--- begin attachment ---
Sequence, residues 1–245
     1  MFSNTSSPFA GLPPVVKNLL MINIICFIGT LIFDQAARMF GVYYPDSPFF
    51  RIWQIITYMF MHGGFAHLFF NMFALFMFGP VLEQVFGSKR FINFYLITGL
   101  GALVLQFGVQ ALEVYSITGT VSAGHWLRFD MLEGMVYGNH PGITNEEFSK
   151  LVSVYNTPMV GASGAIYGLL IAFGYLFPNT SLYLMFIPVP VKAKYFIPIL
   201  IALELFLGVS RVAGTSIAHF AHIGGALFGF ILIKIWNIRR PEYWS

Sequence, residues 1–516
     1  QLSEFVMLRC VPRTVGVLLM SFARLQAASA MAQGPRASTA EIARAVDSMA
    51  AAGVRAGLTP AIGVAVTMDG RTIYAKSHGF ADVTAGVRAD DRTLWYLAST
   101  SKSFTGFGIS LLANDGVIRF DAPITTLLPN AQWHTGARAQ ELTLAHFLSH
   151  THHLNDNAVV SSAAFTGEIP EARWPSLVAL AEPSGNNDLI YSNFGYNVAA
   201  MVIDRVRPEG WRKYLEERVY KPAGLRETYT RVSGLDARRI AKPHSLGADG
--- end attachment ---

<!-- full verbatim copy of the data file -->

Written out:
Sequence, residues 1–245
     1  MFSNTSSPFA GLPPVVKNLL MINIICFIGT LIFDQAARMF GVYYPDSPFF
    51  RIWQIITYMF MHGGFAHLFF NMFALFMFGP VLEQVFGSKR FINFYLITGL
   101  GALVLQFGVQ ALEVYSITGT VSAGHWLRFD MLEGMVYGNH PGITNEEFSK
   151  LVSVYNTPMV GASGAIYGLL IAFGYLFPNT SLYLMFIPVP VKAKYFIPIL
   201  IALELFLGVS RVAGTSIAHF AHIGGALFGF ILIKIWNIRR PEYWS

Sequence, residues 1–516
     1  QLSEFVMLRC VPRTVGVLLM SFARLQAASA MAQGPRASTA EIARAVDSMA
    51  AAGVRAGLTP AIGVAVTMDG RTIYAKSHGF ADVTAGVRAD DRTLWYLAST
   101  SKSFTGFGIS LLANDGVIRF DAPITTLLPN AQWHTGARAQ ELTLAHFLSH
   151  THHLNDNAVV SSAAFTGEIP EARWPSLVAL AEPSGNNDLI YSNFGYNVAA
   201  MVIDRVRPEG WRKYLEERVY KPAGLRETYT RVSGLDARRI AKPHSLGADG